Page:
A blog of the Freer Family's adventures and misadventures emigrating to Flinders Island, Tasmania, Australia, and settling there.
Friday, March 26, 2010
So far the only crabs I have been able to catch are about an inch long - I gathered a bunch of them at lunch time (low water)in about 10 minutes and some tiny ribbed mussels, along with some little mantis shrimp and some burrowing shrimp (my experience with the latter two says 'bait'). These are the little hoon pea-crabs I've mentioned before - and catching them was a matter of finding a bunch of them pigging out on a clam and swooping in from behind (nippers in front).
I've been looking for a way to deal with our most common rock-fish - wrasse. So I thought I'd try a mix between Tal-Grottli bisque (grottily?) from IIRC Malta and Bouillabaisse - cook the crabs whole and then toss the mix into a blender, sieve the shell out, and at least get the crab flavour. So I did this, along with some of Inge's tomatoes, Lisa's red onions and garlic and a red jalapeno chili. Some sherry stuff we'd been given and Tasmanian pepper - not a single bought ingredient, outside of the olive oil I softened the onion in. The soup was then brought to a rolling boil and I added the wrasse (chopped into boneless inch-wide squares, and some abalone just after. The fish had about 3 minutes and the abalone maybe 2 before I took it off the heat. I added the pre-cooked mussels and some of my chopped parsley. Served with fresh pao rolls (made with flour and some potato - the way they did Mozambique to save flour) it was superb - and near as dammit all free or foraged food. I could feel self-righteous and thrifty for nearly half a bowl - which was as long as took me start feeling a little unwell. I need a stronger liver.... it's RICH. Still, you can eat wrasse like that and really enjoy it.
John-boy popped in to lend us a couple of paddle-skis - one kid-size, the other a real fishing sit on kayak I can definitely set crab-traps from. Work presses so I need to get the wordcount up before I go and try this. Thank heavens the weather is set lousy for the next few days. It makes resisting temptation so much easier.
Labels: crab soup, paddle-ski, wrasse
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I've recently been improving in sending packages to my family in Oz and have discovered that the cost of mailing things really isn't that high. Are there any small items you guys could use that are mailable and would make it through customs?ReplyDelete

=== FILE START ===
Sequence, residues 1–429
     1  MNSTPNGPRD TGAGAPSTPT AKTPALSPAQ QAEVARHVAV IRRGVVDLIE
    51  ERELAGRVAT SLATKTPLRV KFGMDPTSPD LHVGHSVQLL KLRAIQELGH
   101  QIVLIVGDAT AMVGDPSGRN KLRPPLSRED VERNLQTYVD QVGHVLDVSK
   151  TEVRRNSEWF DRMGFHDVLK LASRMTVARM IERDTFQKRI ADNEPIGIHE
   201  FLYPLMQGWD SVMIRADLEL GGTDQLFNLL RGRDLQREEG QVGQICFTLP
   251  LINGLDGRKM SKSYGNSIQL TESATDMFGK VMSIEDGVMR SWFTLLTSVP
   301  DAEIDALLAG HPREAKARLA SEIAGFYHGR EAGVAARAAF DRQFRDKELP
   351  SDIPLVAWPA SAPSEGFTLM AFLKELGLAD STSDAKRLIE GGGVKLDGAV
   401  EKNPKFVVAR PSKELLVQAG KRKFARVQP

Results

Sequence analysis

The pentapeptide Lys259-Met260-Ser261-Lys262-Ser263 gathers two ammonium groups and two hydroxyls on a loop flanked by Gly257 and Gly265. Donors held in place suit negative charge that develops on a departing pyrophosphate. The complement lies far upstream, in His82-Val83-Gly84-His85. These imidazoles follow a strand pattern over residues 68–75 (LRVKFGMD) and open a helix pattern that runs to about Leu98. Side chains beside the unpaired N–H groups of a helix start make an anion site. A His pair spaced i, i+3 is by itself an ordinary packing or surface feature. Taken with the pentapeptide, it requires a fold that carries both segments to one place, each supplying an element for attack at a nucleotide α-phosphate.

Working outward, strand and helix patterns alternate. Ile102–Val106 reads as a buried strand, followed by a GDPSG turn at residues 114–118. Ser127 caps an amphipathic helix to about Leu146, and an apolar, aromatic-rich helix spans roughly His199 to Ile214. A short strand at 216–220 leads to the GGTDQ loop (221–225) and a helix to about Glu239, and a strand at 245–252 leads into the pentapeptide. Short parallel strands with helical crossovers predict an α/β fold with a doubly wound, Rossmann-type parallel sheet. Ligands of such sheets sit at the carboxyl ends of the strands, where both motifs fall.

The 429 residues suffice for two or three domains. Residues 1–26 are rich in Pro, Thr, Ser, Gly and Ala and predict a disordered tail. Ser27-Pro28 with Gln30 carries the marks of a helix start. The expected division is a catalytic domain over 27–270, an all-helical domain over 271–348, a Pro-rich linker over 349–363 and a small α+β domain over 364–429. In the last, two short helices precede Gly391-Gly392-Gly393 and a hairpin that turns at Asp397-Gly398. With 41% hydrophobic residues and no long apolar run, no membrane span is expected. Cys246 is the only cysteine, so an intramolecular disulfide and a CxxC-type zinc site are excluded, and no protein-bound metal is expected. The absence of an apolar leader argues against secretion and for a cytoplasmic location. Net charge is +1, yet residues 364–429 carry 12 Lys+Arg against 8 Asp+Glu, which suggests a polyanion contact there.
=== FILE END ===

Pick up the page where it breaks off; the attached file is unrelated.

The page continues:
That's very sweet of you, but the only two things I can think of a fishing cotton (they don't use it here) and an oyster knife (we lost two with the drawer of stuff that has gone missing.) Not exactly available in your part of the US. So... pop some little extra into the Oz trip savings account, so we can see you guys instead.;-)ReplyDelete
You can eat those crabs? They're not terrifyingly toxic?ReplyDelete
Dang. Who knew?
We're remarkably un-dead (er, what a bad choice of words ;-) hammer that stake through my heart again)ReplyDelete
Dave -- I just had a thought.ReplyDelete
I don't know what the Flinders population of macropods (wallabies) is, but if it's anything like other areas in northern Tas where humans have cleared areas for settlement, there are tons of them. Literally a plague.
There are legal rules which permit culling, and a lot of locals hereabouts shoot 'em. And to my surprise, they're extremely good eating. Very mild, well-flavoured game meat which doesn't take much preparation, doesn't have the 'gaminess' of things like venison or rabbit, and doesn't dry out or turn tough unless you really mess it up.
I like 'em cut to chunk size, threaded onto skewers, and charcoal-grilled. Marinated in a bit of lemon, salt, garlic and rosemary, they're absolutely delicious.
I'm guessing they'd make a nice change from fish.
PS: Possum works very, very well as a kebab too. (I write from experience). And it's amazing how well your garden veggies and your fruit trees will grow once you've had a few possum barbecues...
The possums so far have been absent from my garden. The wallaby are on the list of things to try and get. It's a question of not as yet owning land, or as yet a fire-arm (no I have nothing against shooting for dinner or to protect my crops, although I don't shoot for fun (or fish to put back)). It's a bit of a balancing equation, Dirk - I have most of fishing/diving stuff and know how to use it - if not as well as the locals, and can easily get to places to do so, and don't have the same with the land-based stuff. I'll get there. There are wild turkey (in huge flocks) and peacocks and pigs too, all of which are introduced and something of a public service to remove critters. But... I also have to write to pay the bills. I'd love to buy lots of new bits and spends my days learning and cooking. But that can't be done like that. Shrug. We'll get there. And it's a great place and we're really glad to be here.ReplyDelete
Well, there's a great kitchen supply shop that I'm hoping someone will visit soon to get me a decent candy thermometer, and they do stock oyster knives. QM also works close to a Bass Pro Shop, but I confess I've never heard of fishing cotton before. What exactly is it? The savings fund for our trip was already started this week. :-)ReplyDelete
Sometimes called ghost cotton - it is used for tying soft baits on to the hook. The local answer is to use tougher bait - which works if ther is a super-abundance of fish prepared to eat anything. This is not always true.ReplyDelete